Main Image

You may have heard people say that their “liver hurts” after a night of heavy drinking, but most of them likely don’t have a severe disease. In fact, as per Dr. Tim Pawlik (an expert on liver cancer at Johns Hopkins) “anywhere from 8% to 20% of chronic alcoholics will end up developing cirrhosis.”

We still don’t fully understand why only a portion of moderate to heavy drinkers develop cirrhosis of the liver. What we do understand is this: If you continue to drink, your chances go WAY up.

Risk Factors

Did you know that there are three stages of alcoholic liver disease?

  • Fatty Liver
  • Alcoholic Hepatitis (Inflammation of the liver)
  • Cirrhosis (Fibrosis, or scarring, of the liver)

Dr. Pam Peeke, an author of “The Hunger Fix: The Three-Stage Detox and Recovery Plan for Overeating and Food Addiction” and senior science advisor to Elements Behavioral Health, states that fatty liver and alcoholic hepatitis are relatively common in alcoholics. “One in five people who are alcoholics develop [alcoholic] hepatitis, and one in four develop cirrhosis,” Says Peeke. “You’ll be at higher risk if you also have fatty liver—it’s those people who tend to be at higher risk for cirrhosis if they continue to drink.”

  • Fatty Liver will develop in about 90% of heavy drinkers.
  • Alcoholic Hepatitis will occur in 10-35% of heavy drinkers and Cirrhosis in about 10-20%.

Peeke says that some elements of cirrhosis are reversible but, “there has to be 100% abstinence in order to be able to achieve that…”

1.Amount of Alcohol

It usually takes years of heavy drinking to develop an alcoholic liver disease – and the longer you drink the higher your chances are. However, not all alcoholics develop a disease. Studies show, that people who drink constantly are at a higher risk than those who drink irregularly through the week or perhaps just drink too much on weekends.


Women are far more likely to develop an alcoholic liver disease than men. This is due in part to the proportion of body fat women have, and their changes in fat absorption because of their menstrual cycle. They also secrete less alcohol dehydrogenase than men, which helps break down alcohol. For these reasons, women are far more likely to develop a liver disease faster and more severely than their male counterparts.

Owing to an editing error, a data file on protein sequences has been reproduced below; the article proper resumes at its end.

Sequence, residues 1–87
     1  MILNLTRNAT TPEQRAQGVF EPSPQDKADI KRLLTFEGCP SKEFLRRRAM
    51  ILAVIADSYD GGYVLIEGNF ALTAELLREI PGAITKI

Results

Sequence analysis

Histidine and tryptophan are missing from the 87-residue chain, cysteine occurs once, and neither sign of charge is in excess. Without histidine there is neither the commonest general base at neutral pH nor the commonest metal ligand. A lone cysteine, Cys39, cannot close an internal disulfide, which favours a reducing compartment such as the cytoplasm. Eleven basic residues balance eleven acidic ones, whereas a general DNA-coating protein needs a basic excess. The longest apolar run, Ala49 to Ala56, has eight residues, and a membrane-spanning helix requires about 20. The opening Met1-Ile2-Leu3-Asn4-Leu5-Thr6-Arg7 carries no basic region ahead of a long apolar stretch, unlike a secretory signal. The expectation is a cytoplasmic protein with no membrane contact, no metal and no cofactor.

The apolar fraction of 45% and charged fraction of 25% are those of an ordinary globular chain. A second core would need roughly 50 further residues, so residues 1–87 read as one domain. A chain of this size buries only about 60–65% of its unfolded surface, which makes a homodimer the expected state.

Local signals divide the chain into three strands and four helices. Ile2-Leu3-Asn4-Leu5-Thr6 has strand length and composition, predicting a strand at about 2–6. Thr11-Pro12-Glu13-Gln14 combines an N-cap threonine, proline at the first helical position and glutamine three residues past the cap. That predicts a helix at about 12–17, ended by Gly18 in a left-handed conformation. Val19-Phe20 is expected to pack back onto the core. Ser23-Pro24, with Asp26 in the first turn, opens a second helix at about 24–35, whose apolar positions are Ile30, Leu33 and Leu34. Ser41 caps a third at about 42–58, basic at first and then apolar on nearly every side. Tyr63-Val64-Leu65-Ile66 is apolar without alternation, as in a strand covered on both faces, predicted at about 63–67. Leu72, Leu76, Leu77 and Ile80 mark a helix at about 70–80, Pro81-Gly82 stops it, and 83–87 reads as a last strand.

3.Immune System

If an alcoholic has a compromised immune system already, their risk of developing a liver disease increases. Research currently shows that an individual with Hepatitis C and/or HIV have an increased risk of liver disease. These diseases cause liver cell death, and the consumption of alcohol possibly speeds up the process.  However, any condition that makes it harder for your body to maintain good health will increase your risk of liver disease – including diabetes or obesity.


“We’ve just now begun to understand the role of genetics, which is very strong,” States Peeke. There are gene mutations that predispose a person to alcoholism and developing a liver disease. These mutations affect an individual’s metabolism of alcohol. Mutations in genes such as ADH (alcohol dehydrogenase), ALDH (aldehyde dehydrogenase), and CYP4502E1 (one of the many cytochrome P450 enzymes) may partly a person’s susceptibility to liver disease.


One of the many problems that alcoholics face is poor nutrition. Research is being conducted on how alcohol affects the gut bacteria, and how it can lead to problems digesting food and absorbing nutrients. The poor diet of an alcoholic can lead to malnutrition, and exacerbate it. Malnutrition increases oxidative stress, which boosts liver disease by depleting circulating antioxidants. The altered fat metabolism causes an increase in the production of triglycerides that get deposited in the liver. This contributes to fatty liver. An alcoholic suffering from malnutrition is also at a higher risk of infection because of a suppressed immune system caused by their altered protein status.

One of the worst things you can consume as a recovering alcoholic – aside from alcohol – is refined carbs and other junk food. It undermines the progress you’ve made towards recovery. These simple sugars and processed foods can cause mood swings, and increase your risk of relapse. So when AA offers you a cookie, or someone bakes you a cake for your “soberversary”, resist if you can! This improper nutrition can impede your recovery in another way. Sugar addiction is real. By replacing alcohol with sugar, you are essentially switching one substance abuse for another. If you continue to put trash into your body, your recovery and health will never be optimised.

So, take care of your body!

  • Engage in regular exercise
  • Eat your vegetables
  • Stay away from refined or processed foods

Even if you aren’t an alcoholic, be aware of the amount of alcohol you are consuming. Constant exposure of your liver to alcohol increases your chances of disease, so maybe rethink that second glass of wine tonight?